The EYE reached out to Boyd for comment but did not receive a response by press time. However, in past emails to the Wellston Loop CDC, Boyd has contended that they claim he obstructs other projects and activities in his ward for petty reasons or for personal gain.
“Why would I want to sabotage something that is benefiting the community?” Boyd wrote. “That is not my style. I can choose to support or not support whatever I want to.”
Just to be clear of the timeline, Boyd first applied for SLDC’s commercial district improvement money in 2015. Yet, he wasn’t approved until just months after he essentially served as a stalking horse in the 2017 mayoral campaign, which Jones lost by 888 votes (Boyd got 1,439 votes). Boyd received the $40,000 check in his hand in March 2018.
Endorsement from racist police union
For those who want to rid the St. Louis Metropolitan Police Department of racism, endorsements from the St. Louis Police Officers Association sway votes — in the opposite direction of their support.
For Alderwoman Sharon Tyus (D-Ward 1), the police association’s endorsement of Jeffrey Boyd for St. Louis Treasurer “speaks volumes as who you should not be voting for in the treasurer’s race,” she wrote on Facebook on July 2.
Jones ran unopposed in the 2016 Democratic primary election for treasurer. However, Jones and Boyd both ran for mayor in the March 2017 municipal Democratic primary election. Jones captured 30.4% of the vote, just 888 votes behind now Mayor Lyda Krewson. Boyd only received 2.67% of the vote in that race, which had seven candidates.
Tyus’ Facebook post is accompanied by a photo of six Boyd campaign signs in front of the police union’s headquarters at 3710 Hampton Ave.
“Just to be transparent, I did the bulk of the work to put Jeffrey Boyd in office in 2003,” Tyus wrote. “The worst political mistake of my life. I vetted him. I got so many other people he did not have access to to support him. I raised his money. He has broken every promise he made to me and others.”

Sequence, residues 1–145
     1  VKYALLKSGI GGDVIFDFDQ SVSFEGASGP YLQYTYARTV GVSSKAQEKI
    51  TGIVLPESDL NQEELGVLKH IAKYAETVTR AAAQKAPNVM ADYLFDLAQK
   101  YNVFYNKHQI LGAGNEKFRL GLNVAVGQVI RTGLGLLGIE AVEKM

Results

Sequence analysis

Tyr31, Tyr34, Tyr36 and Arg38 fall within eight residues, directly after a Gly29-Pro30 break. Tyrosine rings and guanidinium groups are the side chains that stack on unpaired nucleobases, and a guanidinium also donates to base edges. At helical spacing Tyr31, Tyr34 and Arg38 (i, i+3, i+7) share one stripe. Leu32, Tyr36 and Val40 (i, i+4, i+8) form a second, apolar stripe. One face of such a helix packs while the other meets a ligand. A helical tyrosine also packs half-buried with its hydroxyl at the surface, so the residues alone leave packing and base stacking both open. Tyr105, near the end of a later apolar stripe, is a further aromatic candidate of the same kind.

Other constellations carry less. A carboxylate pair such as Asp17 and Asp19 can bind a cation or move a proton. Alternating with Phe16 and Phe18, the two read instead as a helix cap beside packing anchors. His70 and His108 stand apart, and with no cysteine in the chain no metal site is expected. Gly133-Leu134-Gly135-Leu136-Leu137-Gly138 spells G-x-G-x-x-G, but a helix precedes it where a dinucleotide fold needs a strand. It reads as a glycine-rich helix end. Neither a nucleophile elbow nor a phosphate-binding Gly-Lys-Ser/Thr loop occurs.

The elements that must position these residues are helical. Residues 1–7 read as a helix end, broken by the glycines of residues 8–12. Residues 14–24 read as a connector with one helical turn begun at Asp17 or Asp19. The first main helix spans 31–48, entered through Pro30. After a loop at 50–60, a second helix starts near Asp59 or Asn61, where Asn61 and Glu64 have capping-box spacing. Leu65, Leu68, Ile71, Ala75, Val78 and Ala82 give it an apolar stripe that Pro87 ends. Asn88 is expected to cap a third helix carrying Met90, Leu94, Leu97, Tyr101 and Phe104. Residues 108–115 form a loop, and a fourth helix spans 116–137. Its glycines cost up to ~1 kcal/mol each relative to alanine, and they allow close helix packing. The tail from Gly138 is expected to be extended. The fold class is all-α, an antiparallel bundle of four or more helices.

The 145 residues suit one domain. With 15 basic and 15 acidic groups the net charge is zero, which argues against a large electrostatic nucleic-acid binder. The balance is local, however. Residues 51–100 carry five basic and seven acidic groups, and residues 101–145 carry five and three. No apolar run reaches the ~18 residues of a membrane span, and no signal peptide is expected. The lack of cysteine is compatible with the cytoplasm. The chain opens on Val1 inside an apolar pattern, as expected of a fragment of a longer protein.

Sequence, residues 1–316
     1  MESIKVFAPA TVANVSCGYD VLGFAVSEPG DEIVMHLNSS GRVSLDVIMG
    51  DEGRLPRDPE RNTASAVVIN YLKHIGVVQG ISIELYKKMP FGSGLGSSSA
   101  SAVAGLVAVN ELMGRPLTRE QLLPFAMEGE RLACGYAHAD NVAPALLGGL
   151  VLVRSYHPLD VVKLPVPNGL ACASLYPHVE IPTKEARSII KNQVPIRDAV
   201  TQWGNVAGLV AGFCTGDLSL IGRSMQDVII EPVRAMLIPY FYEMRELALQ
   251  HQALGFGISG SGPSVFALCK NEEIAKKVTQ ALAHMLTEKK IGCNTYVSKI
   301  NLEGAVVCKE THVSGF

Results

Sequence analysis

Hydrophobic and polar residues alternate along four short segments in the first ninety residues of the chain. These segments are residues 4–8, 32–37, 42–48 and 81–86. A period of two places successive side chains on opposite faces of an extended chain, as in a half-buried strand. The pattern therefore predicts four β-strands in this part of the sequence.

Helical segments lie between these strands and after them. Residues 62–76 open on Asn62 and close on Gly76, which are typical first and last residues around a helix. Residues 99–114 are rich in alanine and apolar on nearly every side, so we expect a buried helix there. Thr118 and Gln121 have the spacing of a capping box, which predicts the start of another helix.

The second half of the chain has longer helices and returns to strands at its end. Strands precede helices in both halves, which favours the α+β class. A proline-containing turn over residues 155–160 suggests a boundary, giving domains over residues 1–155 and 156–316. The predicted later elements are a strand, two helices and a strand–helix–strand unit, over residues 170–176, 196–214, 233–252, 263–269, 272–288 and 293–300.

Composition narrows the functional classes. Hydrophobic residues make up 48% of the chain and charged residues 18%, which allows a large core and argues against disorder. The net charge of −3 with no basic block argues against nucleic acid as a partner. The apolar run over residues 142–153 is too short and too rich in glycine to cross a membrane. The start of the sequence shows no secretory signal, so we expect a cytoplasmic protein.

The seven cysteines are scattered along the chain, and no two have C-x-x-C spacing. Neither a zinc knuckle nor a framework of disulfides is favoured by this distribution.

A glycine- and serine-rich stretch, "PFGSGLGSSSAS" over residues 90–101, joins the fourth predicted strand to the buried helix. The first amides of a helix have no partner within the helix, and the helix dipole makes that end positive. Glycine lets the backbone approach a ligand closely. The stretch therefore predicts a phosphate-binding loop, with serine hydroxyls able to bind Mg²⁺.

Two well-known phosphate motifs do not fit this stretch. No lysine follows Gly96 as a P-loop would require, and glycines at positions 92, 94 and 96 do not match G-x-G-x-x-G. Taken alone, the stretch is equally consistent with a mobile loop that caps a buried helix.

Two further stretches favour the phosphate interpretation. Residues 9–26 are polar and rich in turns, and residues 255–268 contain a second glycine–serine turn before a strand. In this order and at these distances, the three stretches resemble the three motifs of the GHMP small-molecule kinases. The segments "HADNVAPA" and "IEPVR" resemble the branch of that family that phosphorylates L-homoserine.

Boyd did not respond to The American’s request for comment about Tyus’ comments or the police union’s endorsement.
In the City of St. Louis, there are two police associations that represent the police, Tyus wrote.
“One, the St. Louis Police Association (SLPOA) is composed of mostly white officers and is headed by the very controversial Jeff Roorda,” Tyus said, talking about the association’s business manager who is known for spewing hateful, divisive rhetoric.
The other is the Ethical Society of Police (ESOP), which is composed of mostly Black officers. The SLPOA and Roorda have never stood with the ESOP or their own African-American members, said Heather Taylor, president of ESOP.
“It would be a powerful move if we ever heard the police union come out and state that protestors, activists, Milton Green, Luther Hall (Black officers who have been harmed by white officers) and some of the issues that African-American officers face are valid and they’re accurate,” Taylor told The American in January.
Instead, the SLPOA puts out “racist” and “homophobic” memes, along with “vile statements about women,” she said. ESOP does not plan on endorsing in any race in the August 4 election.
“In 29 years in political office, I have never known the St. Louis Police Officers Association to ever endorse or support a black candidate that in any way supported and looked out for the interest of Blacks or the Black community,” Tyus said. “Furthermore, they do not support and have attacked white moderate to progressive candidates. When someone shows you who they are, believe them.”
Political EYE is a political column by The St. Louis American’s editorial board. Rebecca Rivas reported this column.